The above pattern is consistent across all five groups of values. We also find that the effect of value diversity on regional economic development dominates the effect of other dimensions of societal diversity such ethnic or religious diversity. We furthermore show that value diversity is persistent. Emigrants originating from more polarised regions tend to hold more polarised views.
Beyond documenting this pattern, our study also indicates that the harmful effects of polarisation on regional GDP per capita are related to the functioning of the government in each region. Looking at the quality of governance and the provision of public goods, such as education, health care or transportation infrastructure, we find that both are weaker in regions where values are more polarised. This suggests that value polarisation erodes the glue that binds society together. As the values that individual hold become more diverse, societies become more fragmented, finding common ground gets harder and collective action becomes more difficult.
Recent events suggest that his pattern may become even more prevalent in the years to come. Current political developments in the United States and several European countries indicate a increasing polarisation in underlying values. In light of this trajectory, the results of this study suggest that it is essential for societies to find ways to break away from polarisation and strengthen the ties that bind people together; not just because it makes Europe a more pleasant place to live, but also because it is better for our wallet.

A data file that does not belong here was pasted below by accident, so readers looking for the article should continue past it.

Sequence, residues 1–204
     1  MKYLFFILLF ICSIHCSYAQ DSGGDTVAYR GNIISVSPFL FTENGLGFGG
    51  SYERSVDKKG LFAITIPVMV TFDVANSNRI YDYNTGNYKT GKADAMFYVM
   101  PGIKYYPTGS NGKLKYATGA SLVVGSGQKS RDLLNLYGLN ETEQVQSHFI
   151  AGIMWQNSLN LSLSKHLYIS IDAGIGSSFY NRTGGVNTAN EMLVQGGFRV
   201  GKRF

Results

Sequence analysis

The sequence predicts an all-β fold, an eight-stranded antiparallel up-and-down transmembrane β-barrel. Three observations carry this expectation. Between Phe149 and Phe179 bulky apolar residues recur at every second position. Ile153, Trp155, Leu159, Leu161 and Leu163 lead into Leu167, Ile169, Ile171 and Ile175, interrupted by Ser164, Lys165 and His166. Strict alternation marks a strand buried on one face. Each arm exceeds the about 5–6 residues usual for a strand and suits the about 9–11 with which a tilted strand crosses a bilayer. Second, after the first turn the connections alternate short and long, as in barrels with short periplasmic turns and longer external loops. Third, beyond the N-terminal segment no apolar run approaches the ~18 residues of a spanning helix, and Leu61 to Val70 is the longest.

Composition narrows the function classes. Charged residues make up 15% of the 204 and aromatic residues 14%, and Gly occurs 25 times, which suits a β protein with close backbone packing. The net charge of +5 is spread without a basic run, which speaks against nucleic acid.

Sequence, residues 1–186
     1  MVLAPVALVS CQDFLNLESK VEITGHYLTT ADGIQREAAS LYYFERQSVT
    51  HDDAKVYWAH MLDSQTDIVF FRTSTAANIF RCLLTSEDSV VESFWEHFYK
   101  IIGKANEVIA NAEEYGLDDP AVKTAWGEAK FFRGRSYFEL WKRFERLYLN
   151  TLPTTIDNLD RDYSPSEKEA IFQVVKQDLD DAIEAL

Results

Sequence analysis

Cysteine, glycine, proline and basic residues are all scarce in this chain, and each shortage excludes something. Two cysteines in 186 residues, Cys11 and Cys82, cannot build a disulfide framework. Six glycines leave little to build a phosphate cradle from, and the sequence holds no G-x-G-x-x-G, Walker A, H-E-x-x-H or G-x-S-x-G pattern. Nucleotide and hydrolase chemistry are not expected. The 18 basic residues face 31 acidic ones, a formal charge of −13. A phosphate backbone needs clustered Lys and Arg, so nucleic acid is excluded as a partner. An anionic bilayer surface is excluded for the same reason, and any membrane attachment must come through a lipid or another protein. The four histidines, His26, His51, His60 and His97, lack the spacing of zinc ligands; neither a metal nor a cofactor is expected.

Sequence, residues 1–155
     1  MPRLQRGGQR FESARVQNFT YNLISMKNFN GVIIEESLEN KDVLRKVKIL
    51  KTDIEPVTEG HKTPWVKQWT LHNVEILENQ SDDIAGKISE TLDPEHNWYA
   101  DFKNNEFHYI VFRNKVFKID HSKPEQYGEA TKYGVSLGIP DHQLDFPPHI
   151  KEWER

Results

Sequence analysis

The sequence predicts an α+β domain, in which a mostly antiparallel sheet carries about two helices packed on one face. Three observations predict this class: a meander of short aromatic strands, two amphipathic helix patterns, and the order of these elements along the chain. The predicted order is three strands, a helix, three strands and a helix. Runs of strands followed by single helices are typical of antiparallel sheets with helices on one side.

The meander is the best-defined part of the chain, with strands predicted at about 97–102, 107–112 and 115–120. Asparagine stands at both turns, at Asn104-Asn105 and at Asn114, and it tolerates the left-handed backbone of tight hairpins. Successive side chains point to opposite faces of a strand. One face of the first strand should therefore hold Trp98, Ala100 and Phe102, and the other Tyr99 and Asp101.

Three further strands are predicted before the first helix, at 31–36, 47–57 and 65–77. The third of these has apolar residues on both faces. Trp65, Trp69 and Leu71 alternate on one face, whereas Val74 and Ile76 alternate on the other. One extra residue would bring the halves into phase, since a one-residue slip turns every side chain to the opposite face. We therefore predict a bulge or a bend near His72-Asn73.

- This post is based on the authors’ paper Value Diversity and Regional Economic Development, forthcoming at the Scandinavian Journal of Economics, and presented at the Royal Economic Society’s annual conference at the University of Bristol, April 2017.
- The post gives the views of its author, not the position of LSE Business Review or the London School of Economics.
- Featured image credit: Student protest in London 2012, by Joshua Hayes, under a CC-BY-SA-2.0 licence
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Sjoerd Beugelsdijk is Professor of International Business at the University of Groningen and Reviewing Editor of the Journal of International Business Studies. His research interests are in the fields of national cultural diversity, international business, and globalization. He has published more than 50 refereed articles and edited special issues in leading journals, such as the Journal of International Business Studies and the Journal of Economic Geography. He has also written a number of books, including the monograph Culture in Economics and the textbook International Economics and Business. Email: email@example.com
Mariko J. Klasing is an Assistant Professor in the Department of Global Economics and Management at the University of Groningen. Her main fields of interest are in the areas of economic development and cultural economics. Email: firstname.lastname@example.org
Petros Milionis is an Assistant Professor in the Department of Economics, Econometrics and Finance at the University of Groningen. His main research interests are in the areas of economic growth, international economics and regional economics. Email: email@example.com